23 posts – 23 days – 23 ancestors
Ancestor #19 – Martha Ellen Rodgers
Martha Ellen Rodgers is my cousin. Her father and my 3rd great grandmother were siblings.
She was born in 1853 in Lauderdale County, Mississippi to James Rodgers and Martha Sanderford Rodgers. She had a five-year-old brother and a two-year-old sister, and two more children would follow. She grew up in a farming community, surrounded by loving grandparents and more than a dozen aunts and uncles, along with their respective spouses and children. Her father and a slave named Bill built the log home she grew up in. Her childhood was ideal.
In 1861, Mississippi seceded from the Union and Civil War broke out. Though she had many uncles go off to fight in the war, her brothers were too young and her father was too old, so they remained safely at home with her.
But all would not remain ideal, as during the fall of 1862, a typhoid epidemic invaded her community, killing her grandparents, many aunts, uncles, and cousins, and both of her parents. Her father died October 12, 1862. Her mother died a few short weeks later.
She was nine.
Her given name was Martha Ellen Rodgers, but she was simply known as Ellen.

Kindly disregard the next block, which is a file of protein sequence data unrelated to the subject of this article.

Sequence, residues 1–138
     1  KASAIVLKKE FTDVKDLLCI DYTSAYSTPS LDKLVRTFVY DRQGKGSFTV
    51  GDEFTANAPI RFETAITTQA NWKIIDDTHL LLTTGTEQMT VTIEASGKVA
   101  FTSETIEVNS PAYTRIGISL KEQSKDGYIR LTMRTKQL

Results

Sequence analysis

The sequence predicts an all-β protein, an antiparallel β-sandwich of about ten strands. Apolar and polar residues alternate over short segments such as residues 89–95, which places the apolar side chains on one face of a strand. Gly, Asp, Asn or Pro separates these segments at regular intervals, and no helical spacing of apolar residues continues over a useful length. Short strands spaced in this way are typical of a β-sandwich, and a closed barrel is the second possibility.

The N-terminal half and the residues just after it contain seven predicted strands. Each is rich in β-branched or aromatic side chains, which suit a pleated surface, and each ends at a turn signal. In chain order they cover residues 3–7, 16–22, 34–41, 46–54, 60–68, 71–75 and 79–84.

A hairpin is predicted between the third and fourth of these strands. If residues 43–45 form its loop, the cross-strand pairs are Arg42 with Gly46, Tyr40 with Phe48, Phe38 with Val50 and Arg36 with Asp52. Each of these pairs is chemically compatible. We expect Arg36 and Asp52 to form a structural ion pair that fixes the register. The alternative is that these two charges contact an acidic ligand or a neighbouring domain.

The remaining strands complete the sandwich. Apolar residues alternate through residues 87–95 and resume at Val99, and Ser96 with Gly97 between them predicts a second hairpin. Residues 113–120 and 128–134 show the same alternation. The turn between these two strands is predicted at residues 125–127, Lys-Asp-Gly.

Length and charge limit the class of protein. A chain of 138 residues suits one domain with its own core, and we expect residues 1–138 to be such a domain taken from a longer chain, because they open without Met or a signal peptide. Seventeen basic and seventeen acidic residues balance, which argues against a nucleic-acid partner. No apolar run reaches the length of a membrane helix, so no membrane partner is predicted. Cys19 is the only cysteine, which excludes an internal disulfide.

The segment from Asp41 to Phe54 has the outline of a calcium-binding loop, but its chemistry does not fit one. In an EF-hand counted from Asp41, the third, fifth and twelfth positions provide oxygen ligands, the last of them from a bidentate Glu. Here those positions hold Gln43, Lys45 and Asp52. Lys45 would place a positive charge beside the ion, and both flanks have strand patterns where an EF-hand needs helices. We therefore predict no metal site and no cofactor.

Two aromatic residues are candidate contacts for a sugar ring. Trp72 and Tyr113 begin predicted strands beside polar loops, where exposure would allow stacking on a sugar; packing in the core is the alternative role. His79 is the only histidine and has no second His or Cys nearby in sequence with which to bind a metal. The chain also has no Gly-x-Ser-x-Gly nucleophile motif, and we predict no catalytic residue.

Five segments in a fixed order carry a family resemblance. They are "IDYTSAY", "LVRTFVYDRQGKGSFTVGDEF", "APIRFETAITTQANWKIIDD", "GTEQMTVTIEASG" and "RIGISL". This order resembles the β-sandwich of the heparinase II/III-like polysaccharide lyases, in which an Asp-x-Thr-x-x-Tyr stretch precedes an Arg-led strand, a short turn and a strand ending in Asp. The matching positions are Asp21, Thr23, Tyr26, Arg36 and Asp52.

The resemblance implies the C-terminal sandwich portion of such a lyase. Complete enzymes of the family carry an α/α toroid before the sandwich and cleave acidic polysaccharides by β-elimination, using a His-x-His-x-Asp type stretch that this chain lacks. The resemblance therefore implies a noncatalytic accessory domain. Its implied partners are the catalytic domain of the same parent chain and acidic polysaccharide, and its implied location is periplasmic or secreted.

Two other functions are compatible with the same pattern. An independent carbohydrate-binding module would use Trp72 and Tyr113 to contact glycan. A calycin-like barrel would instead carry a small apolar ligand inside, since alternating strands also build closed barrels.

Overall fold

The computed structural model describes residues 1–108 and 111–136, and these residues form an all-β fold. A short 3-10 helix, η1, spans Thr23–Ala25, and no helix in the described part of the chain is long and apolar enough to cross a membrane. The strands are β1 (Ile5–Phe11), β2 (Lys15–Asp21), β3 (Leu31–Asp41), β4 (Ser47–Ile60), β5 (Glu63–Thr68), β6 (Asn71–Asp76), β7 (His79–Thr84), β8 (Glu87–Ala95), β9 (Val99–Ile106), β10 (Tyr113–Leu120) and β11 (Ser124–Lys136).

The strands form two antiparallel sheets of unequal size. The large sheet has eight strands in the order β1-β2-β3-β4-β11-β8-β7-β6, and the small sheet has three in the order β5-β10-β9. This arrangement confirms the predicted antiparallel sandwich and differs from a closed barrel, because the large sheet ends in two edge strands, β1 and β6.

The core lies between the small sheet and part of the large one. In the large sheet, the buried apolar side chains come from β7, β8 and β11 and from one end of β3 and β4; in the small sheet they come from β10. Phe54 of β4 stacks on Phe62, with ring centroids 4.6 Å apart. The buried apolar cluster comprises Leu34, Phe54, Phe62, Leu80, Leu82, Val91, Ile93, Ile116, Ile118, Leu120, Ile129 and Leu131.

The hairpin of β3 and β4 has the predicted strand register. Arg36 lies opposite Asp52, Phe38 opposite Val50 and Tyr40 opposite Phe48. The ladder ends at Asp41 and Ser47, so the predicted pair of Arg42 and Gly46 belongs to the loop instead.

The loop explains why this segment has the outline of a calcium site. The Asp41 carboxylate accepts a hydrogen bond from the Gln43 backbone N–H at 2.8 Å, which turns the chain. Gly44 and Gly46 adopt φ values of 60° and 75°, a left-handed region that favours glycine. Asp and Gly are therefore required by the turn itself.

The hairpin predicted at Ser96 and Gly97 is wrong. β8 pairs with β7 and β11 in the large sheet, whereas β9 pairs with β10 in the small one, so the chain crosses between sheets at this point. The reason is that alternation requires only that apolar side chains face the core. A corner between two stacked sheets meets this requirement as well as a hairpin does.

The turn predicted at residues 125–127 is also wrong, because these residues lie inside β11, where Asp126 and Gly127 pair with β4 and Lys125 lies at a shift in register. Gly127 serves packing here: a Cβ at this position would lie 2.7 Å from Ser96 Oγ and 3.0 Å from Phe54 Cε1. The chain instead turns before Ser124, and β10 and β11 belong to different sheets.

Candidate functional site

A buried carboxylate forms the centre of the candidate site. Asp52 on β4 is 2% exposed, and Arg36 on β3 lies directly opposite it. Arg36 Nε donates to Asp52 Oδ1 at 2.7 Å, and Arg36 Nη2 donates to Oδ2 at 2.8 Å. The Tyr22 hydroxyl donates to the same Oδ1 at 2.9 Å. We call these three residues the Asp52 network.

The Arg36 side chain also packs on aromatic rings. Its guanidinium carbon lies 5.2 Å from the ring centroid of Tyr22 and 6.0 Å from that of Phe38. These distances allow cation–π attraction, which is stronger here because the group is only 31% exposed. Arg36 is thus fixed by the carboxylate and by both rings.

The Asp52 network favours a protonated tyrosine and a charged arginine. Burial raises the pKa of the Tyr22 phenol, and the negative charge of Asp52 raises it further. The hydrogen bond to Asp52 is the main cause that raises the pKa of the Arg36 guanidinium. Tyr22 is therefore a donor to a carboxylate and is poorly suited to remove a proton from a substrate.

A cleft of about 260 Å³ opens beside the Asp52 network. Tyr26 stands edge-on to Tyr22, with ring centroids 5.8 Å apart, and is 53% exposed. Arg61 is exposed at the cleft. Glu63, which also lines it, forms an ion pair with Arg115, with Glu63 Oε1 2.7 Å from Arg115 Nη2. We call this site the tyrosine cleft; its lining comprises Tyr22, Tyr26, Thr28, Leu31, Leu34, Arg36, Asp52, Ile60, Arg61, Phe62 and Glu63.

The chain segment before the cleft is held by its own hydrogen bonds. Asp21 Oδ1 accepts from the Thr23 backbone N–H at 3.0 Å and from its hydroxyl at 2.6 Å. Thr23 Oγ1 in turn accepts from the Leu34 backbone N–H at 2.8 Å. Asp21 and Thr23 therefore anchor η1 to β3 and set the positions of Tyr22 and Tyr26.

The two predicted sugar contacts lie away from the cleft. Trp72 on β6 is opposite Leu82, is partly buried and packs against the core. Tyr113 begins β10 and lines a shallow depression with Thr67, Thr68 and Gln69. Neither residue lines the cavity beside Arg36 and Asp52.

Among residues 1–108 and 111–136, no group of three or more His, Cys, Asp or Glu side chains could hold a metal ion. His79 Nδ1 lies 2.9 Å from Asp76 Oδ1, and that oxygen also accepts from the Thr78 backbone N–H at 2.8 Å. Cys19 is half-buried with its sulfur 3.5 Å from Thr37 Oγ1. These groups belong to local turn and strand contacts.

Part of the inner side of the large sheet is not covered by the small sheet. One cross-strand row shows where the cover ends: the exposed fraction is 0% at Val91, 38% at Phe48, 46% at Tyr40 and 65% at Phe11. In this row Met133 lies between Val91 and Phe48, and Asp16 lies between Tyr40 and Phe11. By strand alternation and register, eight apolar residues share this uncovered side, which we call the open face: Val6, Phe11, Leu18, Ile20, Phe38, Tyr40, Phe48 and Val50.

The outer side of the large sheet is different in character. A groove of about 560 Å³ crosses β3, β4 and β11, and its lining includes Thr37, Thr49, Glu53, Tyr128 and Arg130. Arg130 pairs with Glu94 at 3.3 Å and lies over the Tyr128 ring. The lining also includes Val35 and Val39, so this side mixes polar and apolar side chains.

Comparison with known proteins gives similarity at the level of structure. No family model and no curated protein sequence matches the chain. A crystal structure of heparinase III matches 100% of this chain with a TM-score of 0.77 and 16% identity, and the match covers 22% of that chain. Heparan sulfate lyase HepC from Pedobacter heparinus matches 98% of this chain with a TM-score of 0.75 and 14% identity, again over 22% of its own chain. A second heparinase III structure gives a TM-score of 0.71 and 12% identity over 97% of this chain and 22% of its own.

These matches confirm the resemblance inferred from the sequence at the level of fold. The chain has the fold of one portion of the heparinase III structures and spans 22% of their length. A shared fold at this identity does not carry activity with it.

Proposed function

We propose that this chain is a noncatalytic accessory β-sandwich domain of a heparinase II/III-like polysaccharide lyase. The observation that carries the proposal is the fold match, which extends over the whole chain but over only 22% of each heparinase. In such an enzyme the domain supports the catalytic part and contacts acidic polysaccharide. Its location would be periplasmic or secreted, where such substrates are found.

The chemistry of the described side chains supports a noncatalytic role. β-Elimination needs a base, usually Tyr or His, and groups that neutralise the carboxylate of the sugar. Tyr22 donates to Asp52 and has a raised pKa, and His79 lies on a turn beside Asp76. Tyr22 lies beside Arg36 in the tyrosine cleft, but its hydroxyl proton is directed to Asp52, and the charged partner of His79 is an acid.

She and her siblings were placed in the custody of the eldest male in the family, their uncle Hays Rodgers Jr. (photo with wife Lucinda), but he was off fighting in the war, so she was raise for a time by her aunt Mary Ann Rodgers Carpenter (Ancestor #17). When Hays Jr. returned home from the war, he sold his farm and moved to Alabama. Ellen went with him. Her other aunt, Aunt Elizabeth Rodgers (photo with husband George), was also there, and when Aunt Elizabeth died in 1875, Ellen returned to Mississippi.
She stayed in Mississippi for a while with her two sisters, but eventually went to Texas. Her two brothers had moved there years earlier, and I imagine she only went out for visit, though the thought of a young woman traveling alone in the 1800s seems dangerous to me. When she got there, everything changed for her.
When she arrived, she met her brother’s wife’s brother, Sam Houston Meek. She and Sam married in 1885. They had twin sons in 1886 who both died. Then they had a daughter Olive Lee in 1888. When Olive Lee was two, Ellen had another girl in 1890, but the baby girl died, and sadly, Ellen died of complications within the week. She was 37.
My book, AN ORPHAN’S HEART, is her story.